Story by Lawrence Smith
The West Virginia Record
Looking more like what may be submitted for a case in circuit or the Supreme Court, the five residents with a pending case in Monongalia Magistrate Court against an alleged Virginia private investigator hope the 23 exhibits they recently submitted will convince the magistrate to keep the case alive.
On Oct. 31, a hearing was held in Morgantown in front of Magistrate Jennifer Wilson on a motion to dismiss a small-claim suit filed by five West Virginia residents against Jon Gigliotti. The residents – Patricia Lemley, Robert Hart, Elizabeth Crawford, Gil Vanderkraats and Sue Holland – allege that Gigliotti portrayed himself as a private investigator working on behalf of the Christian Broadcasting Network, and the American Center for Law and Justice, and could aid in their respective cases of alleged judicial corruption.
According to court records, the residents met with Gigliotti, who lives in Lyndhurst, Va., in early 1997, and paid him a “retainer” of $2,650. However, they later discovered that Gigliotti’s private investigator’s license expired in January 1997, and his ties to CBN – a television ministry founded by Pat Robertson, and located in Virginia Beach – had been severed at least a year prior to that.
In both her motion and oral arguments, Gigliotti’s attorney RaeLynn Regula said the case should be dismissed for two reasons. First, that the residents failed to state what it is Gigliotti exactly did not do for them, and second, the issues raised were previously litigated in suits Lemley and Hart filed in Monongalia Circuit, and U.S. District Court, respectively.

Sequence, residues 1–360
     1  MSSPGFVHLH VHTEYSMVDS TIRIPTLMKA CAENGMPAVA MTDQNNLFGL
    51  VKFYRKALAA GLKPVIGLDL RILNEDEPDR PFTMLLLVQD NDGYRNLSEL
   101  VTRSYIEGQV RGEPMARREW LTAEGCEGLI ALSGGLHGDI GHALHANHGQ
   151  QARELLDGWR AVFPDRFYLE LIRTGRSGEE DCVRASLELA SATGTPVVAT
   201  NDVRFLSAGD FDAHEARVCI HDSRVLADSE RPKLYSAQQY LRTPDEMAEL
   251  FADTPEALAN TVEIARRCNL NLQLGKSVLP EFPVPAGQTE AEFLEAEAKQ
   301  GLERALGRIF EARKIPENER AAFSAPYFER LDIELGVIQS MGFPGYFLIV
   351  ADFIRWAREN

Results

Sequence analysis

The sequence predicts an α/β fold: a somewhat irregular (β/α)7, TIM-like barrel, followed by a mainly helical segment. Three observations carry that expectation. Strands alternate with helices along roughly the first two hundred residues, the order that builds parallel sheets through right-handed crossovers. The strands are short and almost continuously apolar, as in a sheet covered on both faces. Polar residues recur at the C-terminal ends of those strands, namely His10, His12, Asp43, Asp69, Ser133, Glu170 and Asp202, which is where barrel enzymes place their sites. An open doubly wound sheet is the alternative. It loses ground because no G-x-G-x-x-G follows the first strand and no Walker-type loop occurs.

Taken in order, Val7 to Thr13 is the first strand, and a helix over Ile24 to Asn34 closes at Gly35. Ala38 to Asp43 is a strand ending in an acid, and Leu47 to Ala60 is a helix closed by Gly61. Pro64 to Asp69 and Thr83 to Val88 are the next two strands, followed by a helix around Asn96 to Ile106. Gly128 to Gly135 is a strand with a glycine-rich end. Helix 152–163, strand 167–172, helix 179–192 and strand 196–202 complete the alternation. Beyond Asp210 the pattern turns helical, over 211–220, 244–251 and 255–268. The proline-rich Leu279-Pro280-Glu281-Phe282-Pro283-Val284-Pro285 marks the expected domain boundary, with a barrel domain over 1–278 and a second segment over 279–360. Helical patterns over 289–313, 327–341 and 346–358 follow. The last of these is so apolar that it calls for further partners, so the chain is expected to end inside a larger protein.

In essence, Regula said the present case is an attempt by the residents to “forum shop.”
Prior to the conclusion of the hearing, and after they made their arguments on why the case should proceed, the residents asked if they could submit additional documentation to bolster their arguments against dismissal. Wilson agreed, and asked that the documentation be submitted by Nov. 7.
Court records show the residents submitted 23 separate documents. Among them, include a letter written by a high-level ACLJ official in 1997 asking Gigliotti to refund at least one of the resident’s money, and a retainer agreement between that same official, and Lemley concerning reopening the case of an alleged arson fire which destroyed her beauty salon in the late 1980s.
ACLJ asks Gigliotti to return money
The letter the residents submitted was from John G. Stepanovich, ACLJ’s deputy chief counsel, addressed to Gigliotti dated May 12, 1997. Accompanying that letter is a copy of one Stepanovich wrote to Crawford the same day concerning a telephone conversation they had two days prior about the status of Gigliotti’s investigation.
In his letter to Crawford, Stepanovich acknowledges Gigliotti “recently submitted to the American Center for Law and Justice information he gathered on your behalf.” However, he added, “After our review it became clear that your matters fell outside the scope of our legal charter.”
He apologized for any “confusion,” and referred her to Ted Amshoff in Louisville, Ky., and Jim Coster in Pittsburgh as attorneys who could possibly lend assistance in her case.
Also, Stepanovich said in his letter, “I am instructing Mr. Gigliotti to retrieve the information that he submitted on your behalf.”
In his letter to Gigliotti, Stepanovich chastised him for speaking on ACLJ’s behalf.